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Prophet, Priest, and King

21 March 2014

John Arnold considers high Christology by a German theologian

God the Revealed: Christology
Michael Welker
Eerdmans £19.99
Church Times Bookshop £18 (Use code CT477 )

ONE of the reasons why our withers remained relatively unwrung by the assaults of the New Atheists is that the Christian tradition had long been subjected to rigorous self-criticism by its own theologians, not least in Germany. Michael Welker from Heidelberg now gives us his mature reflections on Christology in an expanded version of his 2004 Gunning Lectures at New College, Edinburgh.

It is well translated, though the underlying Germanic sentence-construction sometimes makes for hard going. Still, it is worth persisting; for this is a masterly summary of international and ecumenical work from Schweitzer until now, and "This present Christology seeks an alternative to the open or concealed dissolution of Christian faith that comes about in subjectivist faith and theistic metaphysics."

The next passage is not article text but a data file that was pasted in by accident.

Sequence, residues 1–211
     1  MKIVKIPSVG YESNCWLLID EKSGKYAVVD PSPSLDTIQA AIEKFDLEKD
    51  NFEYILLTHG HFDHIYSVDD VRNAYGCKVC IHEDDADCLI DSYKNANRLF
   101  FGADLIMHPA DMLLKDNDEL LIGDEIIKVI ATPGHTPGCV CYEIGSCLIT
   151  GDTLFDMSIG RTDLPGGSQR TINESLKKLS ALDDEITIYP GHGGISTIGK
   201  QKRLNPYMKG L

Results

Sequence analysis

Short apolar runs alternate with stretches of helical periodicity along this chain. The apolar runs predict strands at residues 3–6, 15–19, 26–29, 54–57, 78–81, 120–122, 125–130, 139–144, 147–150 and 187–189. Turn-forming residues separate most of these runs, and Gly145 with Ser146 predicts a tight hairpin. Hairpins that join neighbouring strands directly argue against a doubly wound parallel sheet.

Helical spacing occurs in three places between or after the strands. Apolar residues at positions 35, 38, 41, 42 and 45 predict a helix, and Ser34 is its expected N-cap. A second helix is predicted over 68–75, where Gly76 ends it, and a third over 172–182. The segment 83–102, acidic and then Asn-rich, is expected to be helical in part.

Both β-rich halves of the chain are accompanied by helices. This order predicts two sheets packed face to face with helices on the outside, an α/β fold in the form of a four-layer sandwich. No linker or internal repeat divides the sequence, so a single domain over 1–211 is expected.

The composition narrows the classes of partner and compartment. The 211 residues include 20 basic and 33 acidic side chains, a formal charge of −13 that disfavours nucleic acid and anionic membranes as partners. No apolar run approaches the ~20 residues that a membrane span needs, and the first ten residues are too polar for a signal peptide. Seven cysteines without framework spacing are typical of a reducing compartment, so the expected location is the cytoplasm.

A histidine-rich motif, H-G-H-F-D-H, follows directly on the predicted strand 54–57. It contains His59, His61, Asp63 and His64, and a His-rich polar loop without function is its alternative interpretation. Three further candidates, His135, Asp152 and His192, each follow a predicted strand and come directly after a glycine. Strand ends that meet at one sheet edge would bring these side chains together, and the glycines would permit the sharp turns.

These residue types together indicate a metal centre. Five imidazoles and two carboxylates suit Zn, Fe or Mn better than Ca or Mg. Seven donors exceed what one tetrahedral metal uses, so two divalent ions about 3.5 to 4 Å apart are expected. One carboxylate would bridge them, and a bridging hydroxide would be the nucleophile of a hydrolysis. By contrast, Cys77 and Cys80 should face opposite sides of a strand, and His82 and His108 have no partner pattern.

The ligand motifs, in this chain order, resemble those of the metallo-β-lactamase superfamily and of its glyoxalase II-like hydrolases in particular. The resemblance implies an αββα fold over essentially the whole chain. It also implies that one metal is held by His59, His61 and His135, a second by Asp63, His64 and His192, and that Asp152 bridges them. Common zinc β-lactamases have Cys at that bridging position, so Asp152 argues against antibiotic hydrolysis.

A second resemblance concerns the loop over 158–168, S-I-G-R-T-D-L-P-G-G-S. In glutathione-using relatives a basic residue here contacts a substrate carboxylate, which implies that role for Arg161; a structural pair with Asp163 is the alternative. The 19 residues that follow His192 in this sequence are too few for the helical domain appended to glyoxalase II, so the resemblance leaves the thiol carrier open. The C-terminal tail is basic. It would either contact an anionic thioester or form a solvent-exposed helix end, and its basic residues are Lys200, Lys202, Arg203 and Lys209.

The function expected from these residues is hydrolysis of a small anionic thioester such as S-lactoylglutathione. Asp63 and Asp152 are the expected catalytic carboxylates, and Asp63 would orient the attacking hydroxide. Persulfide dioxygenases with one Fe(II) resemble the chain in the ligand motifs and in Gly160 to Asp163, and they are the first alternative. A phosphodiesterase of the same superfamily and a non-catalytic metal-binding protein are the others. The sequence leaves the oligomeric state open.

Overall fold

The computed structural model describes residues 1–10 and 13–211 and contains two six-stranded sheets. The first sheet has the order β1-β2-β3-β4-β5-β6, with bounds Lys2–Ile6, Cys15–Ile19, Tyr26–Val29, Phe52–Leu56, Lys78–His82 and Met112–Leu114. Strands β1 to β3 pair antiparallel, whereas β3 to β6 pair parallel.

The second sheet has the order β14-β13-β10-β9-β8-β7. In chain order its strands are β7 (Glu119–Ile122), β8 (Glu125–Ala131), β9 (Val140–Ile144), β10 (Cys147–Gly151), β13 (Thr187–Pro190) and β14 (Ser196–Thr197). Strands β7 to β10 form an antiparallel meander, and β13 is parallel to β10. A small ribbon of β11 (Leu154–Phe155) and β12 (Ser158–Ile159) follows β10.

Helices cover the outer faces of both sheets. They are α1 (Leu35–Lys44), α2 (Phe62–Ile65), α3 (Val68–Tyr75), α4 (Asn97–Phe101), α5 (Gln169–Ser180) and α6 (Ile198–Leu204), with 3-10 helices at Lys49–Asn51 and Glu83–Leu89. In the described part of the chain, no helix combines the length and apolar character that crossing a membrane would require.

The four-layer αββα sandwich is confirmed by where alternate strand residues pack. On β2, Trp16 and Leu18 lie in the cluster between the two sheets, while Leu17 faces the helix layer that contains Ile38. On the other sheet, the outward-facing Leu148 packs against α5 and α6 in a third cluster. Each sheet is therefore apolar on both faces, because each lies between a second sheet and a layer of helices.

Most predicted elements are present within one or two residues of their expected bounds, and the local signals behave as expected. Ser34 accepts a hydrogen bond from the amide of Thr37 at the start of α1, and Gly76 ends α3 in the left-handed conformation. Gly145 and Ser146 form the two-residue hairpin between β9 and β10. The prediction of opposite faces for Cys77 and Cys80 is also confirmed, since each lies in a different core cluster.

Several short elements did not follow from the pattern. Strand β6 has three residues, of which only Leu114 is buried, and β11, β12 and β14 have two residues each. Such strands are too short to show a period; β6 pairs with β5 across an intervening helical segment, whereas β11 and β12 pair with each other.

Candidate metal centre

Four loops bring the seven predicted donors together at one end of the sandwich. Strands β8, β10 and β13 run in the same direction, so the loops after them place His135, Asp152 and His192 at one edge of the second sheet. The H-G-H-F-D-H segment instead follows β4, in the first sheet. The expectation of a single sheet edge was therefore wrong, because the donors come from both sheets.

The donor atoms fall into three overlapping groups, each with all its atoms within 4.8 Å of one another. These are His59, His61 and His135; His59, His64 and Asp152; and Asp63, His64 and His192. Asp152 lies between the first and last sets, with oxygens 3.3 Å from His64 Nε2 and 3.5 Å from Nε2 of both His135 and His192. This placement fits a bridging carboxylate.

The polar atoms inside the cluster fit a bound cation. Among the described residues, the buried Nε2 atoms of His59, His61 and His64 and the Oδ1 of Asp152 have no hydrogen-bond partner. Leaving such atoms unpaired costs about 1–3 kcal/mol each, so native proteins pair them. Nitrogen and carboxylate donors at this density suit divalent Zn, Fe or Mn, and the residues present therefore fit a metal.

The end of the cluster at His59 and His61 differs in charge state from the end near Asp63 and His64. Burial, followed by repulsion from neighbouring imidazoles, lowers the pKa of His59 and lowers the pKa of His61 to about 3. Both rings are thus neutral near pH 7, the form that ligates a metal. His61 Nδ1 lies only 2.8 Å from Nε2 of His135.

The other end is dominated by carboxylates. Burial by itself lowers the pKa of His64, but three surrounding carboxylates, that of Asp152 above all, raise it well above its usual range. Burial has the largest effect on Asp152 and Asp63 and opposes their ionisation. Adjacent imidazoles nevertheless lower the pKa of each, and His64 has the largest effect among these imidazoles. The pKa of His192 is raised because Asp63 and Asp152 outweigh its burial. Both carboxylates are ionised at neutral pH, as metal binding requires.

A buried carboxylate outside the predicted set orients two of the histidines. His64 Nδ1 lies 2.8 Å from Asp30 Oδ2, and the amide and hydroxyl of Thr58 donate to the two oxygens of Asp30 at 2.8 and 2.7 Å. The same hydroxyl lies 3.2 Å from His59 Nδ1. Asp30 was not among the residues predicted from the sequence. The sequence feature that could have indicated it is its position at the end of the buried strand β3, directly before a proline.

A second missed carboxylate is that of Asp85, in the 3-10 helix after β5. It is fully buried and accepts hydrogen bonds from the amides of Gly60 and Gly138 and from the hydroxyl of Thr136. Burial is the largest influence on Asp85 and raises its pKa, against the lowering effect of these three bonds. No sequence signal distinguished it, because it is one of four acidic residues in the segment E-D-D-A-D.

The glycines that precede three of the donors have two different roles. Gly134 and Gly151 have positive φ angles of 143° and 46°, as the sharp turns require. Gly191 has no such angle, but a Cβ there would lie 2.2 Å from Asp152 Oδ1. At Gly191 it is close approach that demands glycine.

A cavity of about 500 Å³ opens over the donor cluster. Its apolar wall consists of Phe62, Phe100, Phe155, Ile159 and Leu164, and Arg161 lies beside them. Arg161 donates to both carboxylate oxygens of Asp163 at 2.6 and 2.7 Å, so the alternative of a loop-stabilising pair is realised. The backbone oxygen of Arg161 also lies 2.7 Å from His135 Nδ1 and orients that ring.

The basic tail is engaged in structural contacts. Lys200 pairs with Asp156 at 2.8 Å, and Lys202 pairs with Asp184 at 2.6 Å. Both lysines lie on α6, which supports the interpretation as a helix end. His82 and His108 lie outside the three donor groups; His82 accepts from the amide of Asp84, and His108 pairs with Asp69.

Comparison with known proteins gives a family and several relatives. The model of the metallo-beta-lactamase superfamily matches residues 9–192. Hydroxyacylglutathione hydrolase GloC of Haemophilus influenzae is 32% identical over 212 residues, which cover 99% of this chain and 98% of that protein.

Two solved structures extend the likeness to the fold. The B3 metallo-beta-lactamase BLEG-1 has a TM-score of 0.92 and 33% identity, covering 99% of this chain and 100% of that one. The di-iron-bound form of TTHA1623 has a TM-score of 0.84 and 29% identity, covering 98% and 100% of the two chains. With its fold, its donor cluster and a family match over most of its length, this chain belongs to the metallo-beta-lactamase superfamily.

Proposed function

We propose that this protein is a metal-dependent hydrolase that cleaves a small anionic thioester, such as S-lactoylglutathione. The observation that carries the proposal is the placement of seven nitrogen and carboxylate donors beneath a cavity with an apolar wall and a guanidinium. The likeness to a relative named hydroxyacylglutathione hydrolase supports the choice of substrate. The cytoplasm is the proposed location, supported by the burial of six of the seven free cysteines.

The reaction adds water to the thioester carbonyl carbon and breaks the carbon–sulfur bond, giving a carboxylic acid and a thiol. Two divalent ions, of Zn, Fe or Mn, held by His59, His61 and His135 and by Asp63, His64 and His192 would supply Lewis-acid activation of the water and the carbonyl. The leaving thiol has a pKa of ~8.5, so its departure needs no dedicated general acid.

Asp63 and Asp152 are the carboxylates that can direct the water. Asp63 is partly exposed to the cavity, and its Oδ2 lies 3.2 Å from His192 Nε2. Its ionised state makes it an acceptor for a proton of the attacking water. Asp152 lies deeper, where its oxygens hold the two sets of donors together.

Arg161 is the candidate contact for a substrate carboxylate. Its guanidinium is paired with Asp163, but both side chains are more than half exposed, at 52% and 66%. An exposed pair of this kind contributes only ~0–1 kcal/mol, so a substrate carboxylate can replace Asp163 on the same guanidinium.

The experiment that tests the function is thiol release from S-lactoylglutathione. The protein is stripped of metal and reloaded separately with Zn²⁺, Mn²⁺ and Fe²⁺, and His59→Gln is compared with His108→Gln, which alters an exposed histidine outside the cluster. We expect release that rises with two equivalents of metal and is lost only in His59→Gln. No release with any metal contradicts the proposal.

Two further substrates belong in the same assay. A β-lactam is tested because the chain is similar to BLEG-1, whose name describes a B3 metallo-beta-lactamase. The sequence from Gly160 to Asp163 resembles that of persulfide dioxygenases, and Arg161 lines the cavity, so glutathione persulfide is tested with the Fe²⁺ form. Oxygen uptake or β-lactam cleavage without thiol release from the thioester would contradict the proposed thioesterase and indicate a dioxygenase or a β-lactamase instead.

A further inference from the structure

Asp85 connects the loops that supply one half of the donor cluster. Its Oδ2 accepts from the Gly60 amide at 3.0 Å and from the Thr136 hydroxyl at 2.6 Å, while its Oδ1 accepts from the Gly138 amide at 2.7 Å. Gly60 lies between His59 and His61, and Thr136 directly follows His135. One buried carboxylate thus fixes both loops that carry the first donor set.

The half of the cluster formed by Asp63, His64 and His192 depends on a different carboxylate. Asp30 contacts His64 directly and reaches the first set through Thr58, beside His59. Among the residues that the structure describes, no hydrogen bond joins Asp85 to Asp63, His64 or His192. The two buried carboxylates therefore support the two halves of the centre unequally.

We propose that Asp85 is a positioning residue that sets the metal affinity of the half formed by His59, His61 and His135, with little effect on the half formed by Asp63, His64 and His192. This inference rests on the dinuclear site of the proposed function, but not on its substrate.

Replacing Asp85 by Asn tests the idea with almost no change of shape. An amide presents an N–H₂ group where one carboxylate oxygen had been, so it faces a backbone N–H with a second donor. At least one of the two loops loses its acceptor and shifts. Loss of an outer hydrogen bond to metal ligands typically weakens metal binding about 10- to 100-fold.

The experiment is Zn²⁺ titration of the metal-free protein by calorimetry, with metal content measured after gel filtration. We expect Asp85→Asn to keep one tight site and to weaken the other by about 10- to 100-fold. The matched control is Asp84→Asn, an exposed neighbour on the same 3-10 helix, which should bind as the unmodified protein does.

He starts with Bonhoeffer's question, "Who is Jesus Christ for us today?", takes us through the first quest for the historical Jesus, gives short shrift to the excessive scepticism of the second, and builds upon the third as a basis for greater optimism about what is actually known. Still, "queries concerning the historical Jesus cannot alone yield Christology." He pleads for multiple approaches, and bases his own conclusions on exhaustive study of the resurrection and the Cross, while saying little about the nativity.

In order to establish a "high Christology", he makes extensive use of Calvin's doctrine of the threefold office of Christ (royal, priestly, and prophetic). The claim that the resurrected Christ pours out his Spirit upon his followers leads both to a high pneumatology and also to the doctrine of the Trinity. He makes a fascinating transition to the implications for our own discipleship, deriving our obligation to lead diaconal lives from our sharing in the royal office of Christ. He emphasises the doctrinal significance both of early worshipof Jesus as Lord and of the representation of Christ in the sacraments of baptism and eucharist today, drawing heavily and rightly upon the treasury of recent ecumenical convergence documents.

I would have liked a little more on the "value and limits" of the Chalcedonian two-natures doctrine, where he writes appreciatively of the work of Sarah Coakley, and on the Parousia, where he has clearly benefited from his long co-operation with John Polkinghorne. But here already are riches indeed; and the occasional modulation into homiletic mode witnesses to a keen and principled engagement not only with the olive grove of Academe, but also with the Church and the world.

The Very Revd Dr John Arnold is a former Dean of Durham.

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